Exercise physiologist Michael Davis (MS ’95) draws from experience with sled racing dogs
While studying ski asthma, an asthma-like disease common in elite winter athletes, as part of his Ph.D. research at Johns Hopkins University, Michael Davis approached the Iditarod head veterinarian for a possible collaboration opportunity. Davis hoped that the Iditarod, a 1,000-mile dog sled race from Anchorage to Nome, Alaska, would provide a unique opportunity to study this phenomenon in sled dogs.
The Iditarod veterinarians, Davis explained, “recognized an opportunity to address a major problem of their own—the fact that the leading cause of death [in the dogs] was gastric ulcers or something related to that.” He continued, “it turned out that while the dogs were not a great model for ski asthma, the gastric ulcer issue was much more prominent. So, the Iditarod work shifted to finding a solution to the gastric ulcer problem.”
Davis, who completed his master’s degree in veterinary medicine from the Virginia-Maryland College of Veterinary Medicine in 1995, and his team solved the gastric ulcer problem and shifted their focus to metabolic work. “We still use the same canine athletes,” he said, “but the type of basic metabolism work that is currently our focus needs a greater degree of experimental control than what is possible in the context of a race.”
Davis continued, “the dogs have an amazing capacity for plasticity in what their muscle will use for fuel—they can switch between carbs and fat almost seamlessly and use just about any metabolizable energy source at magnitudes that are simply unheard of in other athletes. We would like to know how they do that, both to improve the performance of the dogs themselves but also to see what sort of novel strategies could be implemented in other athletes.”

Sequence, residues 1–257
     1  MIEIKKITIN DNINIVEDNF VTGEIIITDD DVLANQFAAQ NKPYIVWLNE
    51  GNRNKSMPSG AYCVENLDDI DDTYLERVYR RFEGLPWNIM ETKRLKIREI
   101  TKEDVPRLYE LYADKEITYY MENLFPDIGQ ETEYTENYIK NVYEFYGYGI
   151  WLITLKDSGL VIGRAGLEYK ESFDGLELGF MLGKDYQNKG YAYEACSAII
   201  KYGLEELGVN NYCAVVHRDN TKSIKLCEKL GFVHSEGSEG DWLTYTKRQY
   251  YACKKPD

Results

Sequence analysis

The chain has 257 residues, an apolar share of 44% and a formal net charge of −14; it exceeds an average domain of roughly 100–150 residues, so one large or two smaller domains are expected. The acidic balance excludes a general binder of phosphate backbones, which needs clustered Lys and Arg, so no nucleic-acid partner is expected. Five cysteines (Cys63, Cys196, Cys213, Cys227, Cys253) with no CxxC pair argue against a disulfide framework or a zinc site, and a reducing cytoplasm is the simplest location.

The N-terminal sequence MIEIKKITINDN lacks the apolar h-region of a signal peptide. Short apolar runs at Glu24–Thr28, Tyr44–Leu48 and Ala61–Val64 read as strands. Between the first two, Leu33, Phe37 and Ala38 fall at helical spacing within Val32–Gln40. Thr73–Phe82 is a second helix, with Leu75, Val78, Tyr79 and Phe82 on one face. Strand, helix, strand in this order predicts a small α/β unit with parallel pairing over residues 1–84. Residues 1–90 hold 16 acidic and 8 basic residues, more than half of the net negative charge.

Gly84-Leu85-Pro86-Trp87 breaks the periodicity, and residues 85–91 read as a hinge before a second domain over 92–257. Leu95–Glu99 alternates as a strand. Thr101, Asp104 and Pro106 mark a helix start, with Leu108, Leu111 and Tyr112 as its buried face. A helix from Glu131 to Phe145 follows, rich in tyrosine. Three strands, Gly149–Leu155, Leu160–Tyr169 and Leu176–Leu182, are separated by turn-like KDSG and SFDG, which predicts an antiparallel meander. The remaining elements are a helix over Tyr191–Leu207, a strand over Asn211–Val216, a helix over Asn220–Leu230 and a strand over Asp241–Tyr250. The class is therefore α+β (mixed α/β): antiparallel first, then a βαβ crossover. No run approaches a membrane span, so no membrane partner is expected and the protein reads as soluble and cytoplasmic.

In other words, Davis and his research team are trying to find out what makes these dogs resilient. Although his recent work at Oklahoma State University has taken him largely outside of the race environment, Davis still makes it a priority to attend the Iditarod each year, “both to support the kennels that have become our go-to resources for experimental subjects as well as to provide seminars to the trail veterinarians on our current work,” explained Davis, who is a professor and endowed chair in the Department of Physiological Sciences at the Center for Veterinary Health Sciences. “The most rewarding part of the research,” he continued, “is interacting with the quality dogs and people with whom I have the privilege to work. The sled dogs and mushers are honest, hard-working team players, and I enjoy simply being around and being part of an environment like that.”
Davis, who earned his doctor of veterinary medicine degree from Texas A&M in 1988, has since expanded his research to include all kinds of exercise physiology, regardless of the species. “The only caveat,” he elaborated, “is that the subjects really need to be athletes—I’m not terribly interested in pigs on a treadmill. Beyond that, I’ve got a strong interest in the health and well-being of not just the animal athletes, but their human handlers, too—particularly those in the military whose lives are often directly dependent on their dogs. So on a program level, we are branching out beyond exercise physiology to take on things like canine odor detection.”
Davis also wants to emphasize that even though animal research involves inherent risk, he and his team of researchers “shouldered the responsibility for that risk in [our gastric ulcer work] and many others because we care about all the animals that will suffer if we don’t find a solution.” He continued, “I continue to do what I do because it is necessary and as well-trained and conscientious veterinary professionals, we are able to do the work in a manner that minimizes risk or discomfort better than most others.”